Amount of Award
The award is up to $50,000 for one year. The exact amount of funding for each review cycle will be determined by the Awards Committee depending on the amount of available funds at the time of review of the application. Funding for a second year will be based on submission of a progress report and the competitive renewal of the proposal.
Please see the separate application link for 2nd year submission instructions.
Awardees are requested to notify the committee of any delays in the progress of their proposal. For funds that are not used during the term of the grant award, a one-time request for a no-cost extension (NCE) can be made to the Awards Committee and Board of Directors of PES, and, if approved, a 1-year NCE will be granted. Support from the Clinical Scholar award is only for research-related expenses and research career development, including technical support. The Sponsor must verify salary support for the Scholar. The funds shall not be used for the salary of the awardee, and institutions may not use more than 5% of the grant award for indirect or overhead expenses. Concomitant funding for the project from other grants is permitted. However, if a candidate holds or is applying for any other grant that proposes studies related to those in the CSA, PES requests that a copy of the specific aims, hypotheses, and budget of the other grant(s) be included in the CSA application so that reviewers can assess the degree of potential overlap.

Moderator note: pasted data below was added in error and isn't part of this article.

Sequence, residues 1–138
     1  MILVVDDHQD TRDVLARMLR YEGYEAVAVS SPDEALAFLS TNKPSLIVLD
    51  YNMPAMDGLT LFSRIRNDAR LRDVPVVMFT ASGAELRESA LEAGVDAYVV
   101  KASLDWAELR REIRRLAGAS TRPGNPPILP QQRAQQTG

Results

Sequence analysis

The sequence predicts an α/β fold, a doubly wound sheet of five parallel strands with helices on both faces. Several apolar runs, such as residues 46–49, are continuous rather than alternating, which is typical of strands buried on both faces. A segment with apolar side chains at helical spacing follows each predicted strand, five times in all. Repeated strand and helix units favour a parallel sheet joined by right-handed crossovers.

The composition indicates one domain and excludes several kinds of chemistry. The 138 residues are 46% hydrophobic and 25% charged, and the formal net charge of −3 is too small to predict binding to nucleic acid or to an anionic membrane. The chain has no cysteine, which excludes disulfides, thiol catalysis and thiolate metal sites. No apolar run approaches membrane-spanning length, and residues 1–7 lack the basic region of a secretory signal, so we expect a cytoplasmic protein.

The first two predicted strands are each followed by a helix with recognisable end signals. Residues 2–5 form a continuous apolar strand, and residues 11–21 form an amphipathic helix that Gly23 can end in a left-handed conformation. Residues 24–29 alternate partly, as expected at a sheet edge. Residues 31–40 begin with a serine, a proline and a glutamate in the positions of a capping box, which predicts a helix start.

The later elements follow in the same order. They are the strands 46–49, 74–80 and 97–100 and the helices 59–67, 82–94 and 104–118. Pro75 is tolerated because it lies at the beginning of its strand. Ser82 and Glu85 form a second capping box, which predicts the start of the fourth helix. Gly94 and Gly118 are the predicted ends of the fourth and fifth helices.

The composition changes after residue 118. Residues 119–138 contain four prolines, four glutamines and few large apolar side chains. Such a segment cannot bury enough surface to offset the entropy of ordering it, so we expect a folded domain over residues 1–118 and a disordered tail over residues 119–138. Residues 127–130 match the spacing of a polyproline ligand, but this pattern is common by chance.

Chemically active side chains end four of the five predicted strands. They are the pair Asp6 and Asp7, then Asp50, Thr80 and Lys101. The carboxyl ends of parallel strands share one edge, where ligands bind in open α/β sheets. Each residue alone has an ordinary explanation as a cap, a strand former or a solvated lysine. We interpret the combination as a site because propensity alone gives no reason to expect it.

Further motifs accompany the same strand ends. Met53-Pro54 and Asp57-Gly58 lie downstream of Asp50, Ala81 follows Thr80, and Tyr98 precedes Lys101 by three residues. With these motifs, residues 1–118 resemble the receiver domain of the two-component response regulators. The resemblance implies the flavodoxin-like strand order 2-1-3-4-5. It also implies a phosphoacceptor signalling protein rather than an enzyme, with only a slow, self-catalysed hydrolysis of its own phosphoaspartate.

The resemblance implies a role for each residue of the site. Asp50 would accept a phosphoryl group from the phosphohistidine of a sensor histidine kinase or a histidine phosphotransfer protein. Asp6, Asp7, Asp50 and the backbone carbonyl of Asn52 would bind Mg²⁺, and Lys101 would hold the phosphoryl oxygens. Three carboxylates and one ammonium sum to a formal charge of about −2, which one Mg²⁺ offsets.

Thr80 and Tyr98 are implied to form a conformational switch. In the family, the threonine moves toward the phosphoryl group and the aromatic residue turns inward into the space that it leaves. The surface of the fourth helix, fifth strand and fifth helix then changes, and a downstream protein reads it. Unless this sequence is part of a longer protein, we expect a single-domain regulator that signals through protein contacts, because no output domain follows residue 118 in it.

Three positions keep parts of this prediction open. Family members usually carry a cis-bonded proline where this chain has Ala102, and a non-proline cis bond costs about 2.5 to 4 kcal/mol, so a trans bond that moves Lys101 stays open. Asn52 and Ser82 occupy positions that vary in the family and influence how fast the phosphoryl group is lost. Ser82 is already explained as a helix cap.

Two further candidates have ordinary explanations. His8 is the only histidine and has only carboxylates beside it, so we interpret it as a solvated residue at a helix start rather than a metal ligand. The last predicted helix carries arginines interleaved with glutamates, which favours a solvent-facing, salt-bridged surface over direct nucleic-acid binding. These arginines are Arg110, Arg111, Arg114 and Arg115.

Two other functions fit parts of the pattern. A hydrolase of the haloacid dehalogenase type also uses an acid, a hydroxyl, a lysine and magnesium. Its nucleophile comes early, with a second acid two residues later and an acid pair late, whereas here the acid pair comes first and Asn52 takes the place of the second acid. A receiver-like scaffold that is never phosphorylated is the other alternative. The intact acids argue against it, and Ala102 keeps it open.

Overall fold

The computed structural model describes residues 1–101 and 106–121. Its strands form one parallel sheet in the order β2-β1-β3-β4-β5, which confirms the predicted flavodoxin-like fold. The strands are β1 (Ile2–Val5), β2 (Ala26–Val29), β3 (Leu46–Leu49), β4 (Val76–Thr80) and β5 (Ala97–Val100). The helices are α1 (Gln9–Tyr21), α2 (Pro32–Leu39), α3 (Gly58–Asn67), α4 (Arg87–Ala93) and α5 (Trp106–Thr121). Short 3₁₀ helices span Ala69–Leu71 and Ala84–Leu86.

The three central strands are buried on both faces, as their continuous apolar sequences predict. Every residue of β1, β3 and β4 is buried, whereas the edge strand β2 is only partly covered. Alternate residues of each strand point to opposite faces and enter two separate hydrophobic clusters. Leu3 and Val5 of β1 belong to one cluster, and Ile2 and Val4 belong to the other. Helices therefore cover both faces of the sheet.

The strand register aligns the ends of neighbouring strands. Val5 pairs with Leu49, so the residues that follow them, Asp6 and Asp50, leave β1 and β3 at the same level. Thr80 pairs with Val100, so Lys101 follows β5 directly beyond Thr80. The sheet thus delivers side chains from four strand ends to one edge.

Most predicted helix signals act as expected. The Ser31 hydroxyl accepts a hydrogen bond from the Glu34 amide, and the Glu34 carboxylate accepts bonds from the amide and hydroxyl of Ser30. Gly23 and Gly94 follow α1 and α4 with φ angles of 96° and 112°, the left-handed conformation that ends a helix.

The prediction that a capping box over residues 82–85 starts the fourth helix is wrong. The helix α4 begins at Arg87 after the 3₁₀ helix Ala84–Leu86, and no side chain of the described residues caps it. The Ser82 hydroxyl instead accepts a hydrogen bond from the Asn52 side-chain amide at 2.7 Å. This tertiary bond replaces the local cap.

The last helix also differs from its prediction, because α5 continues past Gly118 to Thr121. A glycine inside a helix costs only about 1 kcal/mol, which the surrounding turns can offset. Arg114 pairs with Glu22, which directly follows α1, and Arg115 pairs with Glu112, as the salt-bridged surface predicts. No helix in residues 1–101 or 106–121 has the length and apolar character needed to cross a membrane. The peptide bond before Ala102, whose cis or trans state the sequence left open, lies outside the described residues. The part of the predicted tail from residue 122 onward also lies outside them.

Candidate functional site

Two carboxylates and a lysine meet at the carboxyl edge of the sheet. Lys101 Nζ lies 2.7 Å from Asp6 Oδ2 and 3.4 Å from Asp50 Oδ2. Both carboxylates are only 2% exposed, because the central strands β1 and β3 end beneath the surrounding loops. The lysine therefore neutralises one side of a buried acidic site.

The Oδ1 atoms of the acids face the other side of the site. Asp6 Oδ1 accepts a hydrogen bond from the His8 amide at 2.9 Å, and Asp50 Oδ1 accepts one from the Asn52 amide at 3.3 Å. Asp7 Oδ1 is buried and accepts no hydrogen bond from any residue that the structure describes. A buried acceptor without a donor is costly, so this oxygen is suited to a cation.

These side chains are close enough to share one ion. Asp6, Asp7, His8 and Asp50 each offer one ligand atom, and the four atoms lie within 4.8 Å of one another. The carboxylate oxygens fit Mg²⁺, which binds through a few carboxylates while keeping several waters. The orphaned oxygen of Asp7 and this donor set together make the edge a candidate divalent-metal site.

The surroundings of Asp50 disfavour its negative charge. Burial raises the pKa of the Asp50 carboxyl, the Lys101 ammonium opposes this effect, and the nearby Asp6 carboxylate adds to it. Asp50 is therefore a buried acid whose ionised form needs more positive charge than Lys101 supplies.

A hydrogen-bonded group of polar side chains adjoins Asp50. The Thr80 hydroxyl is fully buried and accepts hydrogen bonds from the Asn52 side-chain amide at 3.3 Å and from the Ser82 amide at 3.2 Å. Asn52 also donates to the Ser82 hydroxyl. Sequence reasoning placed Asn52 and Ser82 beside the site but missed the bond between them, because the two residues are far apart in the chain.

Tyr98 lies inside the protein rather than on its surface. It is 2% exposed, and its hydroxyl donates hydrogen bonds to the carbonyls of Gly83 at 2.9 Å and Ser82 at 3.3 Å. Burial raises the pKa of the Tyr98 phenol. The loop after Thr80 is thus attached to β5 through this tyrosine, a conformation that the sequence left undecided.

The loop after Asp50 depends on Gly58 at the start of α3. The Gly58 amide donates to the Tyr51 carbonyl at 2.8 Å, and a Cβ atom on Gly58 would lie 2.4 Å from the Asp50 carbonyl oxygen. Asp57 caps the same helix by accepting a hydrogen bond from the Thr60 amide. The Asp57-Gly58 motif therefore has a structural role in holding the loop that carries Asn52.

General Instructions for Application
Applications will need to be submitted on-line through the PES website. An applicant must be a member of PES (dues paid for this current year) to be able to access the application. Applicants will then be directed to register. This will allow initiation of the application process and enable returning to finish different sections at a later time using the registration log-in.
Parts 3 and 4 under the Applicant Section should include a description of the Candidate’s Background, Goals and Objectives, the Career Development Plan, a Research Plan, Bibliography, and a detailed Budget and Budget Justification.
- The Candidate’s Background, Goals and Objectives (up to 1 page) must describe the candidate’s commitment to an academic career, discuss prior training and research experience and how this relates to the goals and objectives of the candidate, provide evidence of the candidate’s potential to develop into an independent investigator, and describe the short-term and long-term goals and objectives of the candidate